Thanksgiving Reflection and Gratitude

Thanksgiving is a day to reflect and show gratitude for how far we’ve come in the search for liberation. The SPLC honors the civil rights leaders and martyrs who fought diligently to advance the rights of all people. While their legacies have shaped our history, we are still fighting for justice on their behalf and for the many who lost their lives in the struggle for freedom.

Below are some of the martyrs who were targeted for death because of their civil rights work; random victims of vigilantes determined to halt the movement; or people who, in the sacrifice of their own lives, brought new awareness to the struggle. Also featured are two prominent civil rights leaders who dedicated their entire lives to the liberation of all people.



September 25, 1961 · Liberty, Mississippi
Herbert Lee, who worked with civil rights leader Bob Moses to help register Black voters, was killed by a state legislator who claimed self-defense and was never arrested. Louis Allen, a Black man who witnessed the murder, was later also killed.

September 15, 1963 · Birmingham, Alabama
Addie Mae Collins, Denise McNair, Carole Robertson and Cynthia Wesley were getting ready for church services when a bomb exploded at the Sixteenth Street Baptist Church, killing all four school-age girls and wounding others. The church had been a center for civil rights meetings and marches.

June 21, 1964 · Philadelphia, Mississippi
James Earl Chaney, Andrew Goodman and Michael Henry Schwerner, young civil rights workers, were arrested by a deputy sheriff and then released into the hands of Klansmen who had plotted their murders. They were shot, and their bodies were buried in an earthen dam.

January 10, 1966 · Hattiesburg, Mississippi
Vernon Ferdinand Dahmer, a wealthy businessman, offered to pay poll taxes for those who couldn’t afford the fee required to vote. The night after a radio station broadcast Dahmer’s offer, his home was firebombed. Dahmer died later from severe burns.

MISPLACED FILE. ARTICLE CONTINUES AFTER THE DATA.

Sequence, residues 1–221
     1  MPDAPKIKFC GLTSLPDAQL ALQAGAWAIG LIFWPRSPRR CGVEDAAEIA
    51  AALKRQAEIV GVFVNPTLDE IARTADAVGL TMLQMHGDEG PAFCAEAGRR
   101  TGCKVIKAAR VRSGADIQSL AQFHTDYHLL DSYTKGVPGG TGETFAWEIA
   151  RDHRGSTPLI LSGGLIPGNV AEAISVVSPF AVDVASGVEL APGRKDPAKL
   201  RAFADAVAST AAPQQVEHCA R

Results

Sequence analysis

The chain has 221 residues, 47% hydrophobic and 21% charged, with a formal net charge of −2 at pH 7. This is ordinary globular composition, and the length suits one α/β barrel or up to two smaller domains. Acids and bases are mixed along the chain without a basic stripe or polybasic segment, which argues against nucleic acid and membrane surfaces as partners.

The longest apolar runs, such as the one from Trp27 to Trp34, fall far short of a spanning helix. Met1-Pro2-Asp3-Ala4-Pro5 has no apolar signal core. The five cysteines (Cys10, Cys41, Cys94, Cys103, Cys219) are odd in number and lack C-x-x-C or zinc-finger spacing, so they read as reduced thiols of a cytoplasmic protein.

John Lewis
Civil rights icon and one of the original 13 Freedom Riders, John Lewis nearly died when law enforcement attacked him and other protestors while attempting to cross the Edmund Pettus Bridge during his long quest to secure freedom and civil rights for Black people. Also known as “Bloody Sunday,” the brutal attacks were photographed and published in newspapers, sending shockwaves throughout the country. Lewis was a man of action who always stood for justice in the face of violence. He served 17 terms in Congress and passed away from cancer at 80 in 2020.

Ella Josephine Baker
Serving in leadership roles for the National Association for the Advancement of Colored People (NAACP), the Southern Christian Leadership Conference (SCLC) and Student Nonviolent Coordinating Committee (SNCC), Baker organized communities across the country. She spent most of the 1940s knocking door to door, encouraging Black people to get involved in the Civil Rights Movement. Her sharp organizing skills, dedication and strategic thinking led her to implement campaigns with local organizations for causes such as anti-lynching, job training, equal pay for Black teachers and voter registration drives. She died at 92 in 2005.

The legacy of these figures helped shape the fate of the country. These martyrs and civil rights leaders serve as a reminder of the immense sacrifices made in light of the liberation of all people which we are still fighting for today. Today and every day, we honor them with action.

In solidarity,

The Southern Poverty Law Center

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